Shadows tell us where we are in space.

It’s a coolish, brilliantly sunny day today in the neighborhood. I had a handful of errands to run so I scooped up Goldie, slid her into the back seat of my car, and we stopped at the polo fields in Quechee for a walk. And she actually walked. In fact, I got her to chase a couple of golf balls I found embedded in the grass.

I spotted this pinecone just as we started off, and tossed it onto the windshield of my car to retrieve when we returned. In case you haven’t noticed, I love trees, every part of them so picking up a pine cone just adds to the natural decor that embellishes my desk.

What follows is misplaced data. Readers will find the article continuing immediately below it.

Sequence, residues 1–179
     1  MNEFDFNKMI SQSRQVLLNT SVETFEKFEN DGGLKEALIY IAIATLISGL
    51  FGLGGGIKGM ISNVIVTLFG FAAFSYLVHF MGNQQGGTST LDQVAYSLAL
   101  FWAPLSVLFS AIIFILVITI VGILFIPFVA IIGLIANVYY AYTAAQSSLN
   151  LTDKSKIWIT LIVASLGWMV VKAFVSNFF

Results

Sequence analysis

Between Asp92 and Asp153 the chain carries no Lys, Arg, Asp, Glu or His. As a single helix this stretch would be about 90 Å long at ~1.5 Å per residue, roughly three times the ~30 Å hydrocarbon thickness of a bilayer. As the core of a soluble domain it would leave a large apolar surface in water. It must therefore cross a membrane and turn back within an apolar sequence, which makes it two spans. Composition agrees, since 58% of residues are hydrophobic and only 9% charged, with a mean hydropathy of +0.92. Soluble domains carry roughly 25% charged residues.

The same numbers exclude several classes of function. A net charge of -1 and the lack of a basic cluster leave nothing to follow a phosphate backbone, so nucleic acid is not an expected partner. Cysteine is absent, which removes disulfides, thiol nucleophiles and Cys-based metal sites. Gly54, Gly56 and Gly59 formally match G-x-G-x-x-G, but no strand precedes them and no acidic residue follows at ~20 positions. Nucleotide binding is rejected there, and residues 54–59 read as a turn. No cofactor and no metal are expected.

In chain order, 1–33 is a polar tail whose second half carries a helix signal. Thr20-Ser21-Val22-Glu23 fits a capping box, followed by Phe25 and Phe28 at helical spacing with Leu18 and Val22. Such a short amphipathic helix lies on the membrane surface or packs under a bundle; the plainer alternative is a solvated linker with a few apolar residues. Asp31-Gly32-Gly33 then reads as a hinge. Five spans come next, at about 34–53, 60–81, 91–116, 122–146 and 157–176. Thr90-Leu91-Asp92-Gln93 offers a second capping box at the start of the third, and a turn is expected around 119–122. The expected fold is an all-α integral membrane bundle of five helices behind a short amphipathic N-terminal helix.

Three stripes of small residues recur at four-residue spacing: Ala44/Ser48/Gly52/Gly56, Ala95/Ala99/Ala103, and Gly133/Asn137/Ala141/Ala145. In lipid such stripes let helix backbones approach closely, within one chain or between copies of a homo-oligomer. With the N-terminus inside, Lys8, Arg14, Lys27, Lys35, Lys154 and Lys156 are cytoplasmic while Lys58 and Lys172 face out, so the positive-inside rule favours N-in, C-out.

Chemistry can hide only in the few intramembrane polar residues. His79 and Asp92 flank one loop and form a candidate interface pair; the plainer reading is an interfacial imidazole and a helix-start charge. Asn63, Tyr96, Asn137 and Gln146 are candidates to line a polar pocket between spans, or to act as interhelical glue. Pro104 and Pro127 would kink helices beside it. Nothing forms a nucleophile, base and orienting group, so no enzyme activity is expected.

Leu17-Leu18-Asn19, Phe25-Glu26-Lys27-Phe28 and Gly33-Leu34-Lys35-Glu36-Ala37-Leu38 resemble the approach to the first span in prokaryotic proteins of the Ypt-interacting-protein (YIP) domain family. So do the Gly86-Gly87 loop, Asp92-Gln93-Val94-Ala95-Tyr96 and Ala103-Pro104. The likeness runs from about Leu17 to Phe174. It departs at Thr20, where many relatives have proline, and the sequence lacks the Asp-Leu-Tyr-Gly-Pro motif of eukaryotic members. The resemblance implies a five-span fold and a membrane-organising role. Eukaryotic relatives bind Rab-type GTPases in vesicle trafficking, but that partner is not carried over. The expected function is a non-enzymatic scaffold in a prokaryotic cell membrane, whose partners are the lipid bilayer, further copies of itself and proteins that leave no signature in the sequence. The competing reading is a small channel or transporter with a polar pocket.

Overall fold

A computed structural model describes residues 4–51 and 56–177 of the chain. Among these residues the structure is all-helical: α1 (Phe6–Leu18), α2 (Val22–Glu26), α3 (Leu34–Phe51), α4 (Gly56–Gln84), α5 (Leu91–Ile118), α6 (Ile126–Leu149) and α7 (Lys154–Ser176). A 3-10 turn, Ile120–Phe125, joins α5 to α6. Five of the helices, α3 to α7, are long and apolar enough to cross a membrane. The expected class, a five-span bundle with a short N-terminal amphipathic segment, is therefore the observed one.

When I placed it on a shelf by a window in order to take this picture, I became more fascinated by the shadow than the cone. Other than Peter Pan losing his, I don’t think we notice how important shadows are to our perception.

Without them, we would not see the contours of faces, the shape of land or the movement of grasses.

Think about that. Shadows give our world its shape and texture.

I’ve become fascinated by the idea of shadows lately because I’ve been working on a quilt book that features that most traditional of blocks—the Nine Patch. Most of the time, Nine Patch blocks are sewn from at least two fabrics with a great deal of contrast between them. I’m exploring the uses of minimal contrast, Shadow Nines I call them.

I’m coming around the corner with the top’s construction, and will post a few pix of the product-in-process a bit later.

Author of the Carding, Vermont novels, quilt books, and book publishing guides.